Ever in My Heart (1933) as Sam Archer
Rainbow Over Broadway (1933) as Don Hayes
King for a Night (1933) as Dick Morris
The Last Gentleman (1934) as Allan Blaine, Augusta's adopted son
The Life of Vergie Winters (1934) as Ranny Truesdale
Hollywood Hoodlum (1934) as Daniel Patrick Ryan
Bachelor of Arts (1934) as Pete Illings
Enter Madame (1935) as John Fitzgerald
College Scandal (1935) as Student (scenes deleted)
Doubting Thomas (1935) as Jimmy Brown
Alice Adams (1935) as Walter Adams
Waterfront Lady (1935) as Ronny Hillyer aka Bill
Personal Maid's Secret (1935) as Kent Fletcher
East of Java (1935) as Larry Page
Kind Lady (1935) as Peter Santard
Ah, Wilderness! (1935) as Arthur
The Farmer in the Dell (1936) as Davy Davenport
Fury (1936) as Charlie
The Plainsman (1936) as A Young Trooper
Navy Blue and Gold (1937) as Weeks
Hold That Kiss (1938) as Steve Evans
Mother Carey's Chickens (1938) as Tom Hamilton Jr.
Fugitives for a Night (1938) as Matt Ryan
Room Service (1938) as Leo Davis
Spring Madness (1938) as Hat
The Shining Hour (1938) as Benny Collins
Bachelor Mother (1939) as Freddie Miller
Framed (1940) as Henry T. 'Hank' Parker
The Ghost Comes Home (1940) as Ernest
When the Daltons Rode (1940) as Emmett Dalton
Dr. Christian Meets the Women (1940) as Bill Ferris
Behind the News (1940) as Jeff Flavin
Ellery Queen's Penthouse Mystery (1941) as Sanders
Man Made Monster (1941) as Mark Adams
Father Steps Out (1941) as Jimmy Dugan
Citadel of Crime (1941) as Jim Rogers
Burma Convoy (1941) as Mike Weldon
Flying Cadets (1941) as Bob Ames
Louisiana Purchase (1941) as Robert Davis, Jr.
Man from Headquarters (1942) as Larry Doyle
Shepherd of the Ozarks (1942) as Lieutenant James J. 'Jimmy' Maloney, Jr.
Junior G-Men of the Air (1942, Serial) as Jerry Markham
Wake Island (1942) as Johnny Rudd
City of Silent Men (1942) as Gil Davis
Underground Agent (1942) as Johnny Davis
Silent Witness (1943) as Bruce L. Strong - Attorney
Keep 'Em Slugging (1943) as Frank Moulton
Here Comes Elmer (1943) as Joe Maxwell
Mystery Broadcast (1943) as Michael Jerome
O, My Darling Clementine (1943) as 'Dapper' Dan Franklin
Rosie the Riveter (1944) as Charlie Doran
And the Angels Sing (1944) as Oliver
I Love a Soldier (1944) as Little Soldier (uncredited)
Arson Squad (1945) as Tom Mitchell
How Doooo You Do!!! (1945) as Tom Brandon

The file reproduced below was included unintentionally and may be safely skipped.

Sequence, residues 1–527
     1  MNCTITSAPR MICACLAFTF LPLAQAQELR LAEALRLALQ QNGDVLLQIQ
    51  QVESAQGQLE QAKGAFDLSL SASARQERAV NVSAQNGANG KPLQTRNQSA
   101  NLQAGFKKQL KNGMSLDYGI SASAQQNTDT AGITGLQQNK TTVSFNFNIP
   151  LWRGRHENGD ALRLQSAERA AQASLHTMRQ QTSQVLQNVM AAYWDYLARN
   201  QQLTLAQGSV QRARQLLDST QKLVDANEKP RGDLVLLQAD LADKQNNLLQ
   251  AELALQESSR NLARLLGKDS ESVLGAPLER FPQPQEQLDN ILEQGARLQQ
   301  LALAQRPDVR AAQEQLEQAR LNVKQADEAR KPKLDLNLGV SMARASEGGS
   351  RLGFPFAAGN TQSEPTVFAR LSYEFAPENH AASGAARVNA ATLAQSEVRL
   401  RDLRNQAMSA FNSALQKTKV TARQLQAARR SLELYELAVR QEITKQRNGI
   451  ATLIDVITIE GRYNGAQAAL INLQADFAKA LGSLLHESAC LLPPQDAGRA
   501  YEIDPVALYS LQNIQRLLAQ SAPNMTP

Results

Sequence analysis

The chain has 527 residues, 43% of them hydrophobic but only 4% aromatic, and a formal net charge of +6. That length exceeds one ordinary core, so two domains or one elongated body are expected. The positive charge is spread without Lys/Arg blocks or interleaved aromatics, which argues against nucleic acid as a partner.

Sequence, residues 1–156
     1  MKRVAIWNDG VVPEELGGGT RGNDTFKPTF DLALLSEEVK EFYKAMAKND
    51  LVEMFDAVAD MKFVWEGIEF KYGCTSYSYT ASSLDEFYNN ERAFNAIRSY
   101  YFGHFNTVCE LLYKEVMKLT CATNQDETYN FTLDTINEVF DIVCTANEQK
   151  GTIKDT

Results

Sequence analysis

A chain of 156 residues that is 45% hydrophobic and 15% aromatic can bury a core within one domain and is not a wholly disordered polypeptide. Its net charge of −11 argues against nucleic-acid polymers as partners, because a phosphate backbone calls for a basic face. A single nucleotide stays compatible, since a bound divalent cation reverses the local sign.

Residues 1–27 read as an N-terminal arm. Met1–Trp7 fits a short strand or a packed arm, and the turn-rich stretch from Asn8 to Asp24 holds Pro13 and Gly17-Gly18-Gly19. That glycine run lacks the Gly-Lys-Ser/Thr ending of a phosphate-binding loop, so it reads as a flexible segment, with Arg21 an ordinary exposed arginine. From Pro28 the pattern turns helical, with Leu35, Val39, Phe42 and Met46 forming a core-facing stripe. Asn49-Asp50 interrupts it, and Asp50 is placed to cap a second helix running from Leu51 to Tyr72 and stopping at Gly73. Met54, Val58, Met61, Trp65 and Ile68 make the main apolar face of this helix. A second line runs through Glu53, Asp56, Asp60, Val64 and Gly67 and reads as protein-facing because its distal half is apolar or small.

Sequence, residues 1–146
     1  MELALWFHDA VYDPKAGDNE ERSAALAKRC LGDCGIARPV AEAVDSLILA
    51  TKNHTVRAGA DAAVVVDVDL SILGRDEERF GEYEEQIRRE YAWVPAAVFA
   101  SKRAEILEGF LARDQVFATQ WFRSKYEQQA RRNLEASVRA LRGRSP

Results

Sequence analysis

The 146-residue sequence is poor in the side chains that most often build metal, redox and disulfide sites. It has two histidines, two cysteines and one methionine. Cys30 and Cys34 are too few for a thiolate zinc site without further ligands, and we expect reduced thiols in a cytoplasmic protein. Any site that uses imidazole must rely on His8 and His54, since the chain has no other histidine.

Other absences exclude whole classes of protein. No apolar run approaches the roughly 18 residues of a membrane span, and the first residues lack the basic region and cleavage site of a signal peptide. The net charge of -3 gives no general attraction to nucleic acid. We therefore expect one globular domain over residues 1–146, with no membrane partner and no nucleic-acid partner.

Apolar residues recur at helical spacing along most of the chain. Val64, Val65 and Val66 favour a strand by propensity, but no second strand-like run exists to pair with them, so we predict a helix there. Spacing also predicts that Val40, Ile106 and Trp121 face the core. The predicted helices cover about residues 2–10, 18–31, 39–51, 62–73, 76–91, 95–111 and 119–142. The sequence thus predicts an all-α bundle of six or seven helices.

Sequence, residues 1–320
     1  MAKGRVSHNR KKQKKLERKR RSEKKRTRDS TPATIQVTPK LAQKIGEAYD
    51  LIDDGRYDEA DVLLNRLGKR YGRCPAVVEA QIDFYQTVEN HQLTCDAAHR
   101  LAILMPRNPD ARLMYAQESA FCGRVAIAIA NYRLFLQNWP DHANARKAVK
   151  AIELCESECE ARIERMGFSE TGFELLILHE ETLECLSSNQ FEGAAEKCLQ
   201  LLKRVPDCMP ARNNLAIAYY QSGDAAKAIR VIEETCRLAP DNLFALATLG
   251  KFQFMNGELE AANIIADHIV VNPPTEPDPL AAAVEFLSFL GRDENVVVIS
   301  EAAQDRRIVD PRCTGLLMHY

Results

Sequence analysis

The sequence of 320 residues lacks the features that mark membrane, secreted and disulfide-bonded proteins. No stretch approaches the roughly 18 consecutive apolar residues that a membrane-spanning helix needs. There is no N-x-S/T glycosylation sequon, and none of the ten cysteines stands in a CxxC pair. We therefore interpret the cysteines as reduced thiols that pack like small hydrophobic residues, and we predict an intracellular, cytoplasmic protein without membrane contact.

Gay Blades (1946) as Frankie Dowell
They Made Me a Killer (1946) as Patrolman Al Wilson
Ginger (1946) as Barney O'Hara
It's a Wonderful Life (1946) as Sam Wainwright
The Hucksters (1947) as Max Herman
Killer Dill (1947) as William T. Allen
Shed No Tears (1948) as Lt. Hutton - Police Detective
Main Street to Broadway (1953) as Frank Albertson (uncredited)
Girl on the Run (1953) as Hank
The Man Who Knew Too Much (1956) as Worker at the Taxidermist's (uncredited)
Nightfall (1957) as Dr. Edward Gurston
The Enemy Below (1957) as Lt. Crain
The Last Hurrah (1958) as Jack Mangan
Official Detective (1958, Episode: "Muggers") as Detective David 'King' Cassidy
Psycho (1960) as Tom Cassidy
Man-Trap (1961) as Paul Snavely
Don't Knock the Twist (1962) as Herbert 'Herb' Walcott
Papa's Delicate Condition (1963) as Gambler (uncredited)
Bye Bye Birdie (1963) as Sam - The Mayor
Johnny Cool (1963) as Bill Blakely
Albertson's obituary in The New York Times lists four children ("two sons, Frank Jr. and Tony, and two daughters, Mrs. Gretchen Olberg and Juliet A1bertson") as survivors, along with his wife.
1. Mayer, Geoff (2017). Encyclopedia of American Film Serials. McFarland. ISBN 9781476627199. Retrieved 28 June 2017.
2. 1910 United States Census; Census Place: Frazee, Becker, Minnesota; Roll: T624_689; Page: 17A; Enumeration District: 0003; Image: 728; FHL Number: 1374702.
3. 1920 United States Census;Census Place: Puyallup, Pierce, Washington; Roll: T625_1937; Page: 2A; Enumeration District: 226; Image: 1048.
4. Pasadena Star-News, March 3, 1964, p. 16
5. "Frank Albertson Is Dead at 55". The New York Times. March 4, 1964. Archived from the original on 29 June 2017. Retrieved 29 June 2017.
6. Ellenberger, Allan R. (2001). Celebrities in Los Angeles Cemeteries: A Directory. McFarland. p. 158. ISBN 9780786409839. Retrieved 29 June 2017.
7. "Frank Albertson". walkoffame.com. Hollywood Chamber of Commerce. Archived from the original on 29 June 2017. Retrieved 29 June 2017.